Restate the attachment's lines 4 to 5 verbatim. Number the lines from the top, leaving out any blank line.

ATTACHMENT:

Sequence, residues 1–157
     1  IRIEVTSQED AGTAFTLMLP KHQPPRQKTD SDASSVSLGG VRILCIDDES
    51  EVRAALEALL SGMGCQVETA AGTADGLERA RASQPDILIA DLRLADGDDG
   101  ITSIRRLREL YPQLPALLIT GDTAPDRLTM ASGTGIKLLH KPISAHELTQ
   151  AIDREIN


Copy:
   101  ITSIRRLREL YPQLPALLIT GDTAPDRLTM ASGTGIKLLH KPISAHELTQ
   151  AIDREIN